Dr. Seuss Enterprises announced Tuesday that it stop publishing some titles that include “hurtful” portrayals of cultural stereotypes.
Last year, after consulting educators and other experts, the company that manages the author’s work decided to discontinue six titles, which are “And to Think That I Saw It on Mulberry Street”, “If I Ran the Zoo”, “McElligot’s Pool”, “On Beyond Zebra!”, “Scrambled Eggs Super!” and “The Cat’s Quizzer”.
‘These books portray people in ways that are hurtful and wrong,’ Dr. Seuss Enterprises, a division of Random House Children’s Books and Penguin Random House, said in a statement.
The announcement comes on what would have been American children’s author Theodor Seuss Geisel’s 117th birthday. The famed author, who has sold hundreds of millions of books across the globe, has been criticized for his racist depictions of people of color.
The announcement also comes as corporate and sports worlds have had to reexamine their use of racial images and stereotypes amid a societal reckoning on race and equality following the killing of George Floyd, a Black man, in May 2020.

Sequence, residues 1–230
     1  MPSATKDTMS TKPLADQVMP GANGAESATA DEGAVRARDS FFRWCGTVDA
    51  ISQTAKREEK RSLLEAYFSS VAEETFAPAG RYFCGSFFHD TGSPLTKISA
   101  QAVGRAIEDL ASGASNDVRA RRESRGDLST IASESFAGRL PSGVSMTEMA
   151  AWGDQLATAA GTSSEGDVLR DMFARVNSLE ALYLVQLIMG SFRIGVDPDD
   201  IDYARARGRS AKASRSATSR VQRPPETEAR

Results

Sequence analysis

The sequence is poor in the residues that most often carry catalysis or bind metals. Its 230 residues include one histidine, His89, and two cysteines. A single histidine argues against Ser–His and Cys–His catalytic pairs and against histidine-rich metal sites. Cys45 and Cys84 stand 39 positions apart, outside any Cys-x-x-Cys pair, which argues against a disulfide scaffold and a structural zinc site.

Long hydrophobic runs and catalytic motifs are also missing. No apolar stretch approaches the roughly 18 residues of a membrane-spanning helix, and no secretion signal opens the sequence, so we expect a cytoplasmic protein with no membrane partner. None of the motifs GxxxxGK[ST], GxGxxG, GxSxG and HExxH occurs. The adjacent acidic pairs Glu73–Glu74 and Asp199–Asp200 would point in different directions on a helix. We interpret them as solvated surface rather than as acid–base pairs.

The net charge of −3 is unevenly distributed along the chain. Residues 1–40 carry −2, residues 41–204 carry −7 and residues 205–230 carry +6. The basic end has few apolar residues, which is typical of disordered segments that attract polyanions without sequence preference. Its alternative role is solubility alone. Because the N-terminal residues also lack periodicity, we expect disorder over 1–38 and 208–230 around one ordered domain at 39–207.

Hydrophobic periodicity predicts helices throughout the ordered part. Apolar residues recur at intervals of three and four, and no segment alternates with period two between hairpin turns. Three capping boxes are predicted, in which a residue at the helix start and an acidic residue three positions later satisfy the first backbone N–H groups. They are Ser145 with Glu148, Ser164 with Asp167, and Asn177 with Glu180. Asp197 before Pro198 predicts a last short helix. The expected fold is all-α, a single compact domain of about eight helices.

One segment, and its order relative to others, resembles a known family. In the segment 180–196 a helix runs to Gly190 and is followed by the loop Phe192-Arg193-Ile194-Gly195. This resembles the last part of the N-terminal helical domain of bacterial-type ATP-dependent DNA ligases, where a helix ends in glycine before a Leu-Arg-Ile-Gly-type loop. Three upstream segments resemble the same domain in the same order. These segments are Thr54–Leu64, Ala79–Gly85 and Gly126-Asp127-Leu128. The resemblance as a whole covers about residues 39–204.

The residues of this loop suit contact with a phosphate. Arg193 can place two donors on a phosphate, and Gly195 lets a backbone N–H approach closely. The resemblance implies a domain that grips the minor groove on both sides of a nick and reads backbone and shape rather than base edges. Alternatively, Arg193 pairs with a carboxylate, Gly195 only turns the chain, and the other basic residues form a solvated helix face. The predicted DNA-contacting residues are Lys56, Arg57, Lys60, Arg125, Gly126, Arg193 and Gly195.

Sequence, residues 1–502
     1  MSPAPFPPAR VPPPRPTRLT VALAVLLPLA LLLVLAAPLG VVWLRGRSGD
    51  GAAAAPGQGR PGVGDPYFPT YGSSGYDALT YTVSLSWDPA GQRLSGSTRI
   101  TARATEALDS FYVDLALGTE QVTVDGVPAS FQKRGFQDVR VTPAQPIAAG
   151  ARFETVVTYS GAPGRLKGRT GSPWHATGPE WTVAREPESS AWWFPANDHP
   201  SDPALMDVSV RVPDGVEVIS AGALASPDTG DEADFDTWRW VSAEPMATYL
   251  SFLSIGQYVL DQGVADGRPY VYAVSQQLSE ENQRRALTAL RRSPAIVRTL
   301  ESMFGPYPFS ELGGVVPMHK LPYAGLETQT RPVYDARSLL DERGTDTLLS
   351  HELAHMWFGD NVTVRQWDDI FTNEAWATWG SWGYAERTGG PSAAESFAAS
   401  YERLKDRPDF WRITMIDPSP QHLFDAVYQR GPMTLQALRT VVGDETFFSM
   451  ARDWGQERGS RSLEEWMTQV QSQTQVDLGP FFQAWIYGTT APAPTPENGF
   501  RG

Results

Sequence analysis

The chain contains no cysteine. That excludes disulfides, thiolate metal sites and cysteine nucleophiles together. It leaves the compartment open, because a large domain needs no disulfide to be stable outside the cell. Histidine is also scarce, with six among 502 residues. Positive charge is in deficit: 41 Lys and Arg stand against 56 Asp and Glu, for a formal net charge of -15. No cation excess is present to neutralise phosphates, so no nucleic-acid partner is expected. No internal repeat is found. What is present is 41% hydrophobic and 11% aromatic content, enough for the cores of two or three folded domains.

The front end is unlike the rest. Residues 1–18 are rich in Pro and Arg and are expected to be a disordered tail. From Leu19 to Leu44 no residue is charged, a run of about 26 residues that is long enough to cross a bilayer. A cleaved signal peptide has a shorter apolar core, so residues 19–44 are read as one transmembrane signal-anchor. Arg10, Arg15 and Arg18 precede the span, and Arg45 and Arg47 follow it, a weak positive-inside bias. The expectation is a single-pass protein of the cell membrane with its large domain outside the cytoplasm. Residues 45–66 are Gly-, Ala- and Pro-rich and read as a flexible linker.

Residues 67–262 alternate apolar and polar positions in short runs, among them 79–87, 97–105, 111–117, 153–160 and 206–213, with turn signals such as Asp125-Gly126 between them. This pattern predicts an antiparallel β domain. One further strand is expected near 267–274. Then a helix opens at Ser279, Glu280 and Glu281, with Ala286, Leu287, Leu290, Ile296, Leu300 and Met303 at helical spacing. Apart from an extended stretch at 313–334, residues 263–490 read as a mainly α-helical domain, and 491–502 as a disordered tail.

Dr. Seuss Enterprises’ announcement comes on national “Read Across America Day”, which has been celebrated in conjunction with Dr. Seuss’s birthday since its inception in 1998, to champion reading for U.S. children.
The National Education Association attempted in the past years to disentangle the day from Dr. Seuss and celebrate “a nation of diverse readers”. Unlike past presidents, Biden did not mention Dr. Seuss when he gave his “Read Across America Day” proclamation earlier this week.
Before his work as a children’s author, Geisel penned scores of racist ads and political cartoons that included racial slurs and that depicted Black people as savages in grass skirts, Asian people with slits for eyes and Middle Eastern characters wearing turbans and riding camels. In college, he wrote a minstrel show and performed it in blackface.